John Baker (Royal Navy officer)

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John Baker
Admiral John Baker
Born 1660
Died 10 November 1716 (aged 55–56)
Buried at Westminster Abbey
Allegiance  Great Britain
Service/branch  Royal Navy
Rank Vice-Admiral
Commands held HMS Mary
HMS Boyne
HMS Newcastle
HMS Falmouth
HMS Medway
HMS Pembroke
HMS Monmouth
Battles/wars

John Baker (1660 – 10 November 1716) was an officer of the Royal Navy. He rose to the rank of vice-admiral after service in the Nine Years' War and the War of the Spanish Succession.

Biography[edit]

Baker was appointed a lieutenant by George Legge, 1st Baron Dartmouth on 14 November 1688; on 12 October 1691 he was advanced to be captain of HMS Mary, and during the Nine Years' War with France successively commanded HMS Boyne, HMS Newcastle, HMS Falmouth, and HMS Medway, for the greater part of the time in the Mediterranean, but without any opportunity of especial distinction. Early in 1701, during the War of the Spanish Succession he was appointed to HMS Pembroke, and a year later to the 66-gun HMS Monmouth, in which he continued for nearly six years, serving in the grand fleet under Sir George Rooke or Sir Cloudesley Shovell, at the Battles of Cadiz and Vigo Bay in 1702, at the Capture of Gibraltar and the Battle of Málaga in 1704, at the Siege of Barcelona in 1705, and the Battle of Toulon in 1707.

He returned to England with the squadron of which so many of the ships were lost in the Scilly naval disaster on 22 October 1707, resulting in the deaths of nearly 2,000 men and Admiral Sir Cloudesley Shovell, and, having arrived at the Nore, was ordered to refit and keep the men on board with a view to their being sent to other ships. Baker remonstrated; he thought their case was hard, and that they ought to be allowed to go home. 'Most of them,' he wrote, on 3 November, 'have been with me in this ship for almost six years, and many have followed me from ship to ship for several years before.' It does not appear that any good came of the application, which the admiralty probably considered a bit of maudlin and absurd sentimentality.

On 26 January 1708 he was promoted to be rear-admiral of the white, and commanded in the second post under Sir George Byng on the coast of Scotland. He afterwards conducted Maria Anna of Austria, the daughter of Leopold I, Holy Roman Emperor, who was betrothed to John V of Portugal, from Holland to Spithead, and with Sir George Byng escorted her to Lisbon. On 12 November 1709 he was advanced to be vice-admiral of the blue, and hoisted his flag in HMS Stirling Castle as second in command in the Mediterranean under Sir John Norris and afterwards Sir John Jennings.

Towards the end of 1711 he was detached by Jennings to Lisbon and the Azores, to protect the Portuguese, East India, and Brazil trade, especially from René Duguay-Trouin and Jacques Cassard. In the course of a cruise from Lisbon in February 1712 he drove a large Spanish ship ashore near Cape St. Mary's, but the weather was rough, and before he could approach, the wreck was gutted and destroyed by the Portuguese. Afterwards he captured a richly laden French ship for Martinique, and returned to Lisbon by the beginning of March. At the Azores he remained till the following September, and having intelligence that the Brazil fleet was near, he put to sea on the 11th, and escorted it to the Tagus.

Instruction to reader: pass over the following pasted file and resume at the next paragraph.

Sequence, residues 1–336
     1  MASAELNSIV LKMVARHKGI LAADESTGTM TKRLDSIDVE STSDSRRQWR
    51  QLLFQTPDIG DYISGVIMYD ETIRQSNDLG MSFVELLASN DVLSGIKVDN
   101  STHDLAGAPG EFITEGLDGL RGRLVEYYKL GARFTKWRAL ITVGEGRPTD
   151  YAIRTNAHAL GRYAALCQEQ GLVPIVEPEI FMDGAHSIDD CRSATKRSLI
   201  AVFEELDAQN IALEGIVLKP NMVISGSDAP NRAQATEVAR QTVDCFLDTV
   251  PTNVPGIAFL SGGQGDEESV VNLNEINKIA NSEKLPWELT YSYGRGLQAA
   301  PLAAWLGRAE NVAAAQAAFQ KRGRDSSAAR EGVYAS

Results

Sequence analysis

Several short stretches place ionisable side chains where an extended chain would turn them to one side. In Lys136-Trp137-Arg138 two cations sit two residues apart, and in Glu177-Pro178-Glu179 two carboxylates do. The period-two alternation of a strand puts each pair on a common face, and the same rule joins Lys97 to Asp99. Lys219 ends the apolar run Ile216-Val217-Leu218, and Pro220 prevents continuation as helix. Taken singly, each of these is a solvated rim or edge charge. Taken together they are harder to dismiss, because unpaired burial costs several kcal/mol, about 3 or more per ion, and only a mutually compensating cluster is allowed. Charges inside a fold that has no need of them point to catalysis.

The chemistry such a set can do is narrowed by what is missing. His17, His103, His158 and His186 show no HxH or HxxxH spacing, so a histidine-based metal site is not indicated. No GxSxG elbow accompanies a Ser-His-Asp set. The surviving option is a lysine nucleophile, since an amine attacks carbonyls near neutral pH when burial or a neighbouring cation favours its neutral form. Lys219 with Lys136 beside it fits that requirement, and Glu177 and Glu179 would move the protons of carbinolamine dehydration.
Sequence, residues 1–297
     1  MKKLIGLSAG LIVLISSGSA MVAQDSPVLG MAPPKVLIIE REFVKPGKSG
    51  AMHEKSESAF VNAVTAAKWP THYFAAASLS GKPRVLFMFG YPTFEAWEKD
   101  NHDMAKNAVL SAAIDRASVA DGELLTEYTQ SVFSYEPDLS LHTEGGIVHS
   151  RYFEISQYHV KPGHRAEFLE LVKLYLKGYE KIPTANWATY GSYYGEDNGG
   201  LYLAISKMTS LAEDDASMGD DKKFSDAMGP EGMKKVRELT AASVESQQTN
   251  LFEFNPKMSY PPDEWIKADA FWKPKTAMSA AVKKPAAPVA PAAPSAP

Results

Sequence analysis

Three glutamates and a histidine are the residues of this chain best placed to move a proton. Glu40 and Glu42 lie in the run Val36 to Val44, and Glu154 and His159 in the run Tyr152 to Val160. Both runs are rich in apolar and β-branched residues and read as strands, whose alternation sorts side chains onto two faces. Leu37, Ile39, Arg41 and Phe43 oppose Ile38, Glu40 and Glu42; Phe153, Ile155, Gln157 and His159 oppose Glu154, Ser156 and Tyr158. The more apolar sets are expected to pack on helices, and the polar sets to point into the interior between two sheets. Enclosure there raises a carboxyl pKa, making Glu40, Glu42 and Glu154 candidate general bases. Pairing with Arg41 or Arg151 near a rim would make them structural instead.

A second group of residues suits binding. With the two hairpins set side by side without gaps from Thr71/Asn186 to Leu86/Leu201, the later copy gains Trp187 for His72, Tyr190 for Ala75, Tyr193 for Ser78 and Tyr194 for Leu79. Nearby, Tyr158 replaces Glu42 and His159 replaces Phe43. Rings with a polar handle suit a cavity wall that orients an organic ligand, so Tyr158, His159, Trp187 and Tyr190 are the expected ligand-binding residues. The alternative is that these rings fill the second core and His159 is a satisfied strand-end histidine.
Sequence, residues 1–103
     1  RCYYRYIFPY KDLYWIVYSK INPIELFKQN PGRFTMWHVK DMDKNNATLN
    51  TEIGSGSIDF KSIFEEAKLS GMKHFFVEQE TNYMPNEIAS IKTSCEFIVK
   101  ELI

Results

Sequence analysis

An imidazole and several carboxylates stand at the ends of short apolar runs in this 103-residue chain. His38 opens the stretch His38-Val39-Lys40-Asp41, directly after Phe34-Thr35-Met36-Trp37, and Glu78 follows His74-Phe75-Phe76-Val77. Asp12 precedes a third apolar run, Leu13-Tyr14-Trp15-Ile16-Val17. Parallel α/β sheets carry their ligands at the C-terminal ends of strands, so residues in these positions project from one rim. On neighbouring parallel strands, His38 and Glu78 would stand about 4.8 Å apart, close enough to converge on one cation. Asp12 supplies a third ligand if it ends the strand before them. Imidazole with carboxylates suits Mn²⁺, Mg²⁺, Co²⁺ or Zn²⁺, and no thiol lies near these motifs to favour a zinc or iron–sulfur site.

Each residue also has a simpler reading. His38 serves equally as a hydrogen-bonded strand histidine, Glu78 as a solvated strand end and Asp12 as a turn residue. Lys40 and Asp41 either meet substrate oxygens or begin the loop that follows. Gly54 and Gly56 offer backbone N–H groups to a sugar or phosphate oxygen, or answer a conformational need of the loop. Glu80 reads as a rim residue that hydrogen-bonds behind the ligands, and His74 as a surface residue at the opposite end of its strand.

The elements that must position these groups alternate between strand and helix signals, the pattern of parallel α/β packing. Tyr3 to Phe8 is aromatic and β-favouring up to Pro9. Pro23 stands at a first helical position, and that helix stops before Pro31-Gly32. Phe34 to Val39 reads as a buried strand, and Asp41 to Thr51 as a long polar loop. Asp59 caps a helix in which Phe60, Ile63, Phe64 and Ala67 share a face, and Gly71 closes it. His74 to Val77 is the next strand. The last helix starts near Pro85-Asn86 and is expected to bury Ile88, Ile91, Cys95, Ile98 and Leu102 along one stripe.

He returned to England at the peace, and was elected MP for Weymouth and Melcombe Regis in 1713. He was unseated on petition in 1714, but was re-elected in 1715. He followed his patron Byng in parliamentary matters and therefore supported the whigs and the Admiralty administration of Edward Russell, 1st Earl of Orford.

Soon after the accession of George I he was again sent out to the Mediterranean in command of a squadron to negotiate with or restrain the corsairs of North Africa, He concluded a treaty with Tripoli and Tunis, and inflicted punishment on some of the Sallee cruisers. He had just been relieved by Rear-Admiral Charles Cornewall, when he died at Port Mahon on 10 November 1716.

He was buried in Westminster Abbey, where a monument to his memory was erected, for, though his is not one of the great historic names of the navy, he was, in the words of his epitaph, 'a brave, judicious, and experienced officer, a sincere friend, and a true lover of his country.' His nephew, Hercules Baker, a captain in the navy, and who was serving in the Mediterranean at the time of the vice-admiral's death, became, in 1736, treasurer of Greenwich Hospital, and held that office till his death in 1744.

References[edit]

 "Baker, John (1661-1716)". Dictionary of National Biography. London: Smith, Elder & Co. 1885–1900. 

Attribution

 This article incorporates text from a publication now in the public domain"Baker, John (1661-1716)". Dictionary of National Biography. London: Smith, Elder & Co. 1885–1900. 

Parliament of Great Britain
Preceded by
Maurice Ashley
Sir Thomas Hardy
William Harvey
Reginald Marriott
Member of Parliament for Weymouth and Melcombe Regis
1713–1714
With: James Littleton
Daniel Harvey
William Betts
Succeeded by
Sir Thomas Hardy
James Littleton
William Harvey
Reginald Marriott
Preceded by
Sir Thomas Hardy
James Littleton
William Harvey
Reginald Marriott
Member of Parliament for Weymouth and Melcombe Regis
1715–1716
With: Thomas Littleton
Daniel Harvey
William Betts
Succeeded by
Edward Harrison
Thomas Littleton
Daniel Harvey
William Betts